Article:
7. Germany
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    15 Oct '18 16:52
    @quackquack said
    I'm for gun control and I honestly think society would be better if we banned guns from the ordinary citizen. But, when I went to college I met a guy from a small town in Michigan. He told me that they closed his high school on the first day of hunting season because every male (except him) cut school to go hunting that day. Guns apparently are fundamental to their wa ...[text shortened]... town that has only one traffic light. People vote based on stories like this not data like yours.
    I'm not disagreeing with you that many people vote based only on one or two minor issues.

    I'm saying that people vote against their overall interests by doing so.
  8. Garner, NC
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    15 Oct '18 16:56
    @kazetnagorra said
    Suppose you need brain surgery. Who would you trust more to know what techniques to apply for successful surgery, yourself or a brain surgeon?
    A benevolent dictator will always work better than letting people live free.

    Some are smart enough to not put faith in finding a benevolent dictator, and hope to settle for just being free.
  9. Joined
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    15 Oct '18 17:05
    @kazetnagorra said
    I'm not disagreeing with you that many people vote based only on one or two minor issues.

    I'm saying that people vote against their overall interests by doing so.
    You seem to think researcher's know what is in someone's over all interest. Different people put different relative importance on different goals. Even if social science can tell you whether you'd benefit over a particular economic plan, it cannot tell you what issues you ought to value, what is morally important and how much you ought to sacrifice for the benefit of someone else.
  10. Joined
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    15 Oct '18 17:31
    Trump supporters are easy to see.

    They drag their knuckles on the ground, they tend to question EVERYTHING, annoyingly so, even things science has settled, and they are all white as the pure driven snow.
  11. Germany
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    15 Oct '18 17:34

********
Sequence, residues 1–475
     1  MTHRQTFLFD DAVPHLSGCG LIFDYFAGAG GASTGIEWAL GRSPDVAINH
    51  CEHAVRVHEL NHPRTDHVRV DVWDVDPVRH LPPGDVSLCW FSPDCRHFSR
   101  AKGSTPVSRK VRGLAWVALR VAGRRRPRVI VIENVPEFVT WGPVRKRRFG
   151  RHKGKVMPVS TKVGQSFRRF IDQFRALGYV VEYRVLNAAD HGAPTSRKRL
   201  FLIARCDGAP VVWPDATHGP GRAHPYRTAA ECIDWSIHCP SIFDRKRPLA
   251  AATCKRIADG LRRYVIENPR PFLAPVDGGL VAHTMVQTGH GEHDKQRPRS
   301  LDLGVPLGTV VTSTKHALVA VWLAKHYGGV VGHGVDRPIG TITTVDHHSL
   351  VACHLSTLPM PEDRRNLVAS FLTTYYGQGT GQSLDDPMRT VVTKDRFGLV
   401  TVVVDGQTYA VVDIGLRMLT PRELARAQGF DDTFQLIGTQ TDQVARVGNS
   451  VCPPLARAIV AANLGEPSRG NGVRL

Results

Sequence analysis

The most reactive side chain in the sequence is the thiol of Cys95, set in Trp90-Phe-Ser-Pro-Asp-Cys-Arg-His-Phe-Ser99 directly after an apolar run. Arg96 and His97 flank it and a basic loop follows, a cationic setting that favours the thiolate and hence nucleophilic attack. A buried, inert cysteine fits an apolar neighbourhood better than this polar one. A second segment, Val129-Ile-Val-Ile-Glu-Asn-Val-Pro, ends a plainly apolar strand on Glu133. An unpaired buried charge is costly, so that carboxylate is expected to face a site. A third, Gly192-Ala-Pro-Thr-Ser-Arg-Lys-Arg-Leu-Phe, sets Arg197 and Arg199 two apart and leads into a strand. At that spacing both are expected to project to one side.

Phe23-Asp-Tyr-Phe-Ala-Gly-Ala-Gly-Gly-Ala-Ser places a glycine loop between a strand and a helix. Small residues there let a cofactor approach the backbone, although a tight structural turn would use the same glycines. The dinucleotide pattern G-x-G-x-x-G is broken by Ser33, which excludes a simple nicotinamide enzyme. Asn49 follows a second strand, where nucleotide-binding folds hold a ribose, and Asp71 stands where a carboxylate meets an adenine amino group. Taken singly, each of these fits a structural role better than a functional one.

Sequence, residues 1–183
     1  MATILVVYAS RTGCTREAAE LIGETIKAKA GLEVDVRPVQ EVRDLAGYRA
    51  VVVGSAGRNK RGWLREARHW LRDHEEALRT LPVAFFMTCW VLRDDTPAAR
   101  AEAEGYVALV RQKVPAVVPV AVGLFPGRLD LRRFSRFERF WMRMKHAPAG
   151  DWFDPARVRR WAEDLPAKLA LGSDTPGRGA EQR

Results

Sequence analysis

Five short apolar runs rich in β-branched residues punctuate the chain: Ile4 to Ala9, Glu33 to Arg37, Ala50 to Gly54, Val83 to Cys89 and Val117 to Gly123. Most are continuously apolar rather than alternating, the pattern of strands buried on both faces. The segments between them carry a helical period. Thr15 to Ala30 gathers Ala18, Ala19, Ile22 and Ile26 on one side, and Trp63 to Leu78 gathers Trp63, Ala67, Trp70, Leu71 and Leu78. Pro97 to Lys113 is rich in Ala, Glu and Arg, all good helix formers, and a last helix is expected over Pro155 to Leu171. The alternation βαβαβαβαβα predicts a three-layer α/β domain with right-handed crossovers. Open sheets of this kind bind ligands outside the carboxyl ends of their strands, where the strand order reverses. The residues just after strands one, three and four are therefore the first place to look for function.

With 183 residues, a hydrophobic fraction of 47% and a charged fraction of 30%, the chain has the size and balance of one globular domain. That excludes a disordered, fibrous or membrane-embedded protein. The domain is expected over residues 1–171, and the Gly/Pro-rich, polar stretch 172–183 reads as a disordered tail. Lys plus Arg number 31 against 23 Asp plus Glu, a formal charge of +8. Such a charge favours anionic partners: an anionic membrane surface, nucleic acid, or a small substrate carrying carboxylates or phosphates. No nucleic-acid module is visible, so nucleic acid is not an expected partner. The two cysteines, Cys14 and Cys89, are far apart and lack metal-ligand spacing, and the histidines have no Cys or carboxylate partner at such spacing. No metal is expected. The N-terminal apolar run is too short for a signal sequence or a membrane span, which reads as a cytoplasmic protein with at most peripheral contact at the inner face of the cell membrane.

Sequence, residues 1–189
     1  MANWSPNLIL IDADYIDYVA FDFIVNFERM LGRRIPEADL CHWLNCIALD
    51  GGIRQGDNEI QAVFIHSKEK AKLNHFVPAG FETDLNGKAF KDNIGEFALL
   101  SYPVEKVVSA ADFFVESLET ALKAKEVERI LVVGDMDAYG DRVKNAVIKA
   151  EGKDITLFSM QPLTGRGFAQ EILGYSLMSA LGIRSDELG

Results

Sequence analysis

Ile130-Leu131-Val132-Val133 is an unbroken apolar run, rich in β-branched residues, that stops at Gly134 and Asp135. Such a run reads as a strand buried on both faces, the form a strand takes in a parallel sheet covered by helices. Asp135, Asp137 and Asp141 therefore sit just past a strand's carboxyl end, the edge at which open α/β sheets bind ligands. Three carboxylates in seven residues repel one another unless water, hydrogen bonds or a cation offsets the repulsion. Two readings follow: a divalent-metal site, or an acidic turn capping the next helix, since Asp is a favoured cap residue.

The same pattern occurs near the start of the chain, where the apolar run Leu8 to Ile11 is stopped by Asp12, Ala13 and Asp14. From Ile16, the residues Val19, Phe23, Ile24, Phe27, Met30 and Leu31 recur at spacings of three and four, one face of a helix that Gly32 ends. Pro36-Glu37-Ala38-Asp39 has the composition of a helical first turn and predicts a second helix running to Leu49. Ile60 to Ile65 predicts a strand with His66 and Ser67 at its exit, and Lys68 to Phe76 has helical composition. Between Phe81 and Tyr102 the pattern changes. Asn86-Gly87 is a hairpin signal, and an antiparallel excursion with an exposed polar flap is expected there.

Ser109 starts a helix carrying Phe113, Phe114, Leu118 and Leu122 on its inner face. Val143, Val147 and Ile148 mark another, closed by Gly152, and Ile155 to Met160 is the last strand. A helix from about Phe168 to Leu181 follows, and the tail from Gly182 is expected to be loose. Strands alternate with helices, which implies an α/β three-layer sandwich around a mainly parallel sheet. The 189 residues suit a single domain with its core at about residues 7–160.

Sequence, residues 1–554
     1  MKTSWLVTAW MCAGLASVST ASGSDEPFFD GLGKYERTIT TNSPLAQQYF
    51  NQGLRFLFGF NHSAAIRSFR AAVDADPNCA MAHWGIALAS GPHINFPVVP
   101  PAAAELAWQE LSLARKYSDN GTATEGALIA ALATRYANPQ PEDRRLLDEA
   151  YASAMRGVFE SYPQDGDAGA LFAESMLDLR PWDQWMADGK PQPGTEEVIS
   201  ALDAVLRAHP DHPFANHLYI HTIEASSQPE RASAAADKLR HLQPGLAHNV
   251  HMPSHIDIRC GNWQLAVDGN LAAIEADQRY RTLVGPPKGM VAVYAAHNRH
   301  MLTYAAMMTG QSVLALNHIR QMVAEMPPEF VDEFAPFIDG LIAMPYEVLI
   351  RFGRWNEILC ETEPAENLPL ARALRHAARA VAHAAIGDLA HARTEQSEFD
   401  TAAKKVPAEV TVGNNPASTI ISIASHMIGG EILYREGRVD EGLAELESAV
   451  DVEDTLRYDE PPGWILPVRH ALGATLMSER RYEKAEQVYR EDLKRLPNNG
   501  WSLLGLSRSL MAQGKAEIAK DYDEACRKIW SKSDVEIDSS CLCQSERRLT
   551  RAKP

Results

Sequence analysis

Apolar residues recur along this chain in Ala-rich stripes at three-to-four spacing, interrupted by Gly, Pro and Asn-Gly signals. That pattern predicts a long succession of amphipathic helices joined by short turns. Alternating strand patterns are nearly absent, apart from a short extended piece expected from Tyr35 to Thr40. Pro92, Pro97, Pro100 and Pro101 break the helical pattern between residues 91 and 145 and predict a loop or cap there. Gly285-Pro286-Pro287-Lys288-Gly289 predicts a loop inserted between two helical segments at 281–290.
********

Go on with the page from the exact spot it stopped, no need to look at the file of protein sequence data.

@quackquack said
    You seem to think researcher's know what is in someone's over all interest. Different people put different relative importance on different goals. Even if social science can tell you whether you'd benefit over a particular economic plan, it cannot tell you what issues you ought to value, what is morally important and how much you ought to sacrifice for the benefit of someone else.
    A brain surgeon will generally know better than a patient what kind of brain surgery to apply for a successful surgery, despite not knowing much about the patient.

    People do not have a magical ability to always know what is best for them.
  12. Joined
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    15 Oct '18 17:40
    @kazetnagorra said

    People do not have a magical ability to always know what is best for them.
    But government does.

    EXCEPT Trump, of course, but I think that is only common sense.
  13. Germany
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    15 Oct '18 18:21
    @whodey said
    But government does.

    EXCEPT Trump, of course, but I think that is only common sense.
    A government is an abstract concept and cannot "know" anything.
  14. Joined
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    15 Oct '18 19:15
    @kazetnagorra said
    A brain surgeon will generally know better than a patient what kind of brain surgery to apply for a successful surgery, despite not knowing much about the patient.

    People do not have a magical ability to always know what is best for them.
    Much like a dictator, you may think you know what is best for people. But, despite offering your services, I believe most people would rather decide for themselves. I'm not a quick as you are to believe that they are making the wrong choice simply because you've done research and you know what they should prefer.
  15. Germany
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    15 Oct '18 19:51
    @quackquack said
    Much like a dictator, you may think you know what is best for people. But, despite offering your services, I believe most people would rather decide for themselves. I'm not a quick as you are to believe that they are making the wrong choice simply because you've done research and you know what they should prefer.
    Again, I am not disputing that people make wrong decisions and often fail to follow good advice.

    Imagine that someone is attempting to perform brain surgery on themselves by continuously attempting to slam faeces into their skull. No matter how strongly they might believe that this is an appropriate way to perform brain surgery, they are still better off going to a specialist to have it performed.